Ringo's health would continue to cause problems again later. In 1964 Ringo missed three quarters of the tour of Scandanavia, Holland, the Far East, and Australia, to have his tonsils out. Once this was resolved, the Beatles were underway. Ringo contributed many interesting quotes to the Beatles repertoire, some of which became song titles. "Eight Day's A Week" was written after one of Ringo's expressions. The Beatles' first movie, originally called Beatlemania, was instead called A Hard Day's Night after something Ringo said one evening after a particularly grueling session.
Because he seemed content to sit at the back, Ringo was sometimes considered to be the least important Beatle. He was not one of the main writers, nor was he a strong vocalist. Ringo was only given one song per album, but in my opinion Ringo used this valuable space well. Ringo became an integral part of The Beatles. Not only did his inventive drumming help provide The Beatles distinctive sound, but he fulfilled other very real needs. Ringo was the most down-to-earth member of the Fab Four. Ringo was the friendly Beatle. He recieved more fan mail than any of the others, and he became the mediator in many of the later arguments of the band.
The Beatles benefited from his sensitivity, his sense of humor, and his "peace and love" way of dealing with the world. His modesty and kind heart was as important to the Beatles as John and Paul's musical talents. Ringo always seemed a bit overwhelmed by the success of the Beatles -- as if he were pleasantly surprised by what was happening to him. Ringo really looked upon John, Paul, and George as his three brothers and continues to love them as such today. He gave of himself to them the best that he could with love and without ego. Ringo had his most important dreams come true with the Beatles. The only dream Ringo never fulfilled was to sit in the audience at a Beatles concert.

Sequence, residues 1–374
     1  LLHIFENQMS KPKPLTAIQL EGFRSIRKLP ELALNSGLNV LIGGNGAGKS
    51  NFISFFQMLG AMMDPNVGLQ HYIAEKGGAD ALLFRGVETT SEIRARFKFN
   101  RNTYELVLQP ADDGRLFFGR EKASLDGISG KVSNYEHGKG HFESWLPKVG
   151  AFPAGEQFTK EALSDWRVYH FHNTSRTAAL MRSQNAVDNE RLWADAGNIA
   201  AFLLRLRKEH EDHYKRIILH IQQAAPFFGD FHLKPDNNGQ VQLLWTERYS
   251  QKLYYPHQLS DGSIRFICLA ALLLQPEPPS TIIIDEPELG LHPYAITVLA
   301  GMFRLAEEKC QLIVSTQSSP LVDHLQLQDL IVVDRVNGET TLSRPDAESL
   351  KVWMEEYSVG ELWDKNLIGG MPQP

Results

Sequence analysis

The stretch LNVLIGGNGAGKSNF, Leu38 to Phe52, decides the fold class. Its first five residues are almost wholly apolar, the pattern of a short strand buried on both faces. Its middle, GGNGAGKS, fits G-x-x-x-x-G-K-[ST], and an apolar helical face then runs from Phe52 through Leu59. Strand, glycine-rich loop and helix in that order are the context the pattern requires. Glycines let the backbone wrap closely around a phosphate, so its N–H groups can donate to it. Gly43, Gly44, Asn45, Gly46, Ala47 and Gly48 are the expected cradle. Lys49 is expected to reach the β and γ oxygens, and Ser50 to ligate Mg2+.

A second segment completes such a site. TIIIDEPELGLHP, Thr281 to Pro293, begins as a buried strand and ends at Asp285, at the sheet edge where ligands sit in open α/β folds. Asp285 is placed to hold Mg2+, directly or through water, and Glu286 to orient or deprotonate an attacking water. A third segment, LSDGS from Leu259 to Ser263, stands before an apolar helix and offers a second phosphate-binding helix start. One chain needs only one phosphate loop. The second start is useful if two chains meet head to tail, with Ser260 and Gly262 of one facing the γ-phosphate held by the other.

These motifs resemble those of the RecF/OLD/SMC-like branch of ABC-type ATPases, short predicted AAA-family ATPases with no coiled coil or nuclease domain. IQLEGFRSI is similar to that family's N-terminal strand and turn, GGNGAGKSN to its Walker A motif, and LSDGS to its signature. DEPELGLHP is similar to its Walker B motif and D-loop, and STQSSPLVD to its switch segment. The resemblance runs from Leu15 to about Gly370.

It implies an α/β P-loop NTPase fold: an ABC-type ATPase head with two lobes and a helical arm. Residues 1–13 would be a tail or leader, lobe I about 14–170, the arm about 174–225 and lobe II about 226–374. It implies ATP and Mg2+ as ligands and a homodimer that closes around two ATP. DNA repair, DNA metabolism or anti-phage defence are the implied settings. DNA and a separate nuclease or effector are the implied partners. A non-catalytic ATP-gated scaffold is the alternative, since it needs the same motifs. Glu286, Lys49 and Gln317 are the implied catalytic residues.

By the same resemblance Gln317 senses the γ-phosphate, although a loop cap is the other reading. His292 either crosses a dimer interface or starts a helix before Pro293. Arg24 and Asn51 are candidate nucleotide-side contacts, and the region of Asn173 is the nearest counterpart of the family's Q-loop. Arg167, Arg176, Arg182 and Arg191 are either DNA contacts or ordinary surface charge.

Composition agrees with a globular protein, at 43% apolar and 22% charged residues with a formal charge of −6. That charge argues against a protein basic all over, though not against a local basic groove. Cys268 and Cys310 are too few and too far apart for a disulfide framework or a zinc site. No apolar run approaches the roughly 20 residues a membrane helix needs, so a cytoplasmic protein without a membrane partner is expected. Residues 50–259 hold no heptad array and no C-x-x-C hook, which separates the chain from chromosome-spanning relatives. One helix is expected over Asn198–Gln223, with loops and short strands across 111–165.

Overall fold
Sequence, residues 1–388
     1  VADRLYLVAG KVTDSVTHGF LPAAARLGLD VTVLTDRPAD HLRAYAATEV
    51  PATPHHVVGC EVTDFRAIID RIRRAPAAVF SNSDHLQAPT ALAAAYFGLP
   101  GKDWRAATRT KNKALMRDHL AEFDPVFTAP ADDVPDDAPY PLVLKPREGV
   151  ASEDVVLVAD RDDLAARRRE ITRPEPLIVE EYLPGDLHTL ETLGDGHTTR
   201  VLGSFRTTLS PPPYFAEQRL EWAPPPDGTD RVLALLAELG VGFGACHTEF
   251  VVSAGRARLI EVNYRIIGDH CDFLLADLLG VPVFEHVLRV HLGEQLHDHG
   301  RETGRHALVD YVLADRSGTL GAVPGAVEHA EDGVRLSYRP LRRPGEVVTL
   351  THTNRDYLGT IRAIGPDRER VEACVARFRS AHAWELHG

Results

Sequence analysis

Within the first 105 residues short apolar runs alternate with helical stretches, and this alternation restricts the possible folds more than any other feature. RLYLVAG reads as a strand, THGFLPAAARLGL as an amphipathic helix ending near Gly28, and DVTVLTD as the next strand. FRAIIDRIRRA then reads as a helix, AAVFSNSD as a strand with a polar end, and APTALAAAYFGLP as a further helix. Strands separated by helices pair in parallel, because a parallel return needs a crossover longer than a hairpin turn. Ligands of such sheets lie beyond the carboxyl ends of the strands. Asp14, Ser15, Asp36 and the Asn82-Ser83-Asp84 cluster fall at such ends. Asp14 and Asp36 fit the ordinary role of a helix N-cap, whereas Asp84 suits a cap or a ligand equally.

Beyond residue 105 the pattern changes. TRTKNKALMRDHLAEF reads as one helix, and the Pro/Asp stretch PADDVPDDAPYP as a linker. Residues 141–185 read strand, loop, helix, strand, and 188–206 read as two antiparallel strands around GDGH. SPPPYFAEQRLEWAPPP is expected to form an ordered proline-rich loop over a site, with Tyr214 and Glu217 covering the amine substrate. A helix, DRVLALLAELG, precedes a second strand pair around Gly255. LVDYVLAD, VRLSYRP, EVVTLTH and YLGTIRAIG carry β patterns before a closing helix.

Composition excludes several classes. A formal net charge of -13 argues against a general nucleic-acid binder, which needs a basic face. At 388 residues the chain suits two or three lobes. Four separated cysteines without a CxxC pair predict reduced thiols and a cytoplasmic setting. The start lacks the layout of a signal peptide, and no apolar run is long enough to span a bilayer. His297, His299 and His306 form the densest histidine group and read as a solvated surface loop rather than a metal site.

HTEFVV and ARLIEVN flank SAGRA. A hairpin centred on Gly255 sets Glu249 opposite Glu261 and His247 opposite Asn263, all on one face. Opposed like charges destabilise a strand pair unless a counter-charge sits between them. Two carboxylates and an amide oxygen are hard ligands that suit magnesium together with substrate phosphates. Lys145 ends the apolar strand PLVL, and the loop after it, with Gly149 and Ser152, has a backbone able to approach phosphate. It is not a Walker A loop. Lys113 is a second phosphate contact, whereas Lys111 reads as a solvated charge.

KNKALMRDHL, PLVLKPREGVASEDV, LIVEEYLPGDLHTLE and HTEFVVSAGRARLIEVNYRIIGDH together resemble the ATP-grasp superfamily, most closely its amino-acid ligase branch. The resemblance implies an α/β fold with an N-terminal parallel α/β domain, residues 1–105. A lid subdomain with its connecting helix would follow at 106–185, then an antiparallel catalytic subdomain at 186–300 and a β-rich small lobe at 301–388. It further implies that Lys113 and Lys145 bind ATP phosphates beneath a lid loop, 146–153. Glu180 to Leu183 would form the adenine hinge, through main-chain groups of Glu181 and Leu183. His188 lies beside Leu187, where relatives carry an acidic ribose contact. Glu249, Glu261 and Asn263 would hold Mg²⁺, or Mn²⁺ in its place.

Ringo has been married twice. First to his long-time girlfriend Maureen Cox. Ringo met Maureen in the Cavern club when he was still with Rory Storm and the Hurricanes. Ringo and Maureen were married at Caxton Hall in Westminster on February 11, 1965. They had three children, Zak on September 13, 1965, Jason on August 19, 1967, and Lee on November 17, 1970. Ringo and Maureen were divorced in 1975, and sadly Maureen died Decmber 30, 1994 of Leukemia despite a bone marrow transplant from her son Zak. Ringo married Barbara Bach, whom he met on the set of Caveman in 1983. They are still happily married today.
Ringo not only had a successful musical career with the Beatles, but also on his solo efforts and with his All-Starr Band. Ringo has had many great solo hits such as "Photograph", "Back Off Boogaloo", "You're Sixteen", and "It Don't Come Easy". Ringo has worked with many famous and wonderful artists such as Elton John, Harry Nilsson, Peter Frampton, Steven Tyler, Tom Petty, and even Ozzy Osbourne.